John Peters, Chorus

Recently Chorus became the latest organisation to adopt The Emotional Culture Deck within their organisation. The Test Team, lead by Head of Testing John Peters, is the first team at Chorus to get stuck into using the deck.

We kicked things off last Wednesday by running the Emotional Culture Deck Pilot Workshop with the team. The response from the team that went through this Pilot Workshop has been overwhelming.

I chatted with John a few days after the workshop and asked him a few questions about his motivations and drivers behind injecting The Emotional Culture Deck into his team at Chorus. 

John, I know that the people at Chorus are proud of the family culture that exists within the organisation. So why did you choose to use the Emotional Culture Deck with your team at Chorus?

I wanted to do something different when it comes to the way we talk about and work together to strengthen our team culture. Part of this was doing something to bring the team closer together with regards to understanding the way in which emotions impact us at work both positively and negatively. I saw The Emotional Culture Deck as an opportunity to bring people out from behind their ‘protective shells’ so to speak and feel as though they could openly express themselves to the wider group through using the cards as talking points.

What did you hope to achieve by using The Emotional Culture Deck with your team?

The goal was to achieve greater understanding and consideration for the range of emotions team members go through in the work environment and start a journey to help them reduce ‘negative’ feelings and promote more positive emotions in the workplace. Ultimately a team that is collectively experiencing more pleasant emotions should lead to improved communication, higher levels of supportiveness and increased productivity.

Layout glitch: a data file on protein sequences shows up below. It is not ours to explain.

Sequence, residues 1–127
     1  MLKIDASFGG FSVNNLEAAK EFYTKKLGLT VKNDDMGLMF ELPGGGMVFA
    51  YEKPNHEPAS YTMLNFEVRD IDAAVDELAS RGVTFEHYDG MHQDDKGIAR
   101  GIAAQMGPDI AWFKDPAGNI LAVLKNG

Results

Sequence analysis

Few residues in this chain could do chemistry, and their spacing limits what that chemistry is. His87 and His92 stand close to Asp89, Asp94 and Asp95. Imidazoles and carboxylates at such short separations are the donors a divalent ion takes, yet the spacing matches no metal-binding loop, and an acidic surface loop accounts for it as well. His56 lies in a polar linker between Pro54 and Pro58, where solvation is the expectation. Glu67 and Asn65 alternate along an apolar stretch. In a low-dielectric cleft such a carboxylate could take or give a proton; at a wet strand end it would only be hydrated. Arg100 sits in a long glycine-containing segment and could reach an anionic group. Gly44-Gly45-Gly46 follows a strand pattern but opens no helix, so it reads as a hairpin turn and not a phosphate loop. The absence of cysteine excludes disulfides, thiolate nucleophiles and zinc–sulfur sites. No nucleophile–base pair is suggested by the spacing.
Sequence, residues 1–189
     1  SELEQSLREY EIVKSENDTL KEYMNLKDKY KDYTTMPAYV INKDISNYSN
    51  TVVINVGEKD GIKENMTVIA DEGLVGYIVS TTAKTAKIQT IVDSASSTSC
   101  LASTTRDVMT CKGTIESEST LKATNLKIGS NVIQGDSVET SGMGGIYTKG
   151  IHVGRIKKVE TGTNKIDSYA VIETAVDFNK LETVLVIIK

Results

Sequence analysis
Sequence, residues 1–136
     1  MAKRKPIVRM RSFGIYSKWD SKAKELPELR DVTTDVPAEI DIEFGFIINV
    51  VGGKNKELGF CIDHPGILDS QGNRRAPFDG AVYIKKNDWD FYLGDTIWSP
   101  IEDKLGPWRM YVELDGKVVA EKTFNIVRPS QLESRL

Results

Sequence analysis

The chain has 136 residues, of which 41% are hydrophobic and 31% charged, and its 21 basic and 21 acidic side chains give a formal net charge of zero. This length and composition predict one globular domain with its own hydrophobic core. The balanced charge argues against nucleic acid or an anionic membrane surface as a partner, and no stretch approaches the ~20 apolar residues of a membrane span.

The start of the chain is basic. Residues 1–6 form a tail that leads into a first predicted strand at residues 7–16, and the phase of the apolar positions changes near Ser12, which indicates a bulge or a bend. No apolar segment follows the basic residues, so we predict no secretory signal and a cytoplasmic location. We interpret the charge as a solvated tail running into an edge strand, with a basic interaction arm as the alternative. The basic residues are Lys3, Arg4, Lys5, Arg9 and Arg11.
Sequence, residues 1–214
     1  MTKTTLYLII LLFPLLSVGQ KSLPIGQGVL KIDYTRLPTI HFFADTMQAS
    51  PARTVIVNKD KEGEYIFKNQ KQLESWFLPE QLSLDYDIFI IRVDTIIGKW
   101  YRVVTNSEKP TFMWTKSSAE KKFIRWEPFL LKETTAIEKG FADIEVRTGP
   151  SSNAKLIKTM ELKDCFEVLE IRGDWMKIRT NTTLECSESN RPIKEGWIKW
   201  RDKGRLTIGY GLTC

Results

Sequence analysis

Did you have any hesitations about The Emotional Culture Deck before you and the team went through the Pilot Workshop

I was a little fearful the team would not embrace the concept and be defensive and guarded in terms of the desire to share and discuss their inner emotions and how they influence the work they do and our team culture. It turned out the opposite happened. 

What were some of the (good) surprises from the Pilot Workshop?

I was surprised by the openness shown by the team. They were so willing to discuss their emotions and feelings and in particular and I wasn’t sure this would definitely occur – even though you had mentioned that this is the norm, not the exception when teams use the deck. I guess I had to see it to believe it. The interaction between certain individuals also surprised me as they found common ground and we all agreed on the top five feelings we collectively want to put at the heart of our team culture. 

What would you say to other leaders if they're thinking about using The Emotional Culture Deck or going through the Pilot Workshop?

I’d recommend any leaders and their teams to go through this ECD workshop if they truly believe that people are the foundation of a positive and supportive workplace environment. This workshop and in particular the cards allows individuals the opportunity to explore and express the wide range of emotions felt in the workplace in a “safe” environment and enables us as leaders to embrace these findings and start a continuous improvement process for our people.

What are you going to do next with what you uncovered using the decks in the Pilot Workshop?

There is already a plan in place to revisit our workshop outcomes and put in place a ‘start’, ‘stop’, ‘change’ process. We’ll continue to meet as a team and talk about how we are feeling at work and as a leader, I am arranging ways in which I can address individual and the team’s collective emotions at 1:1’s.

If you're interested to learn more about Pilot Workshops click here. Or get in touch with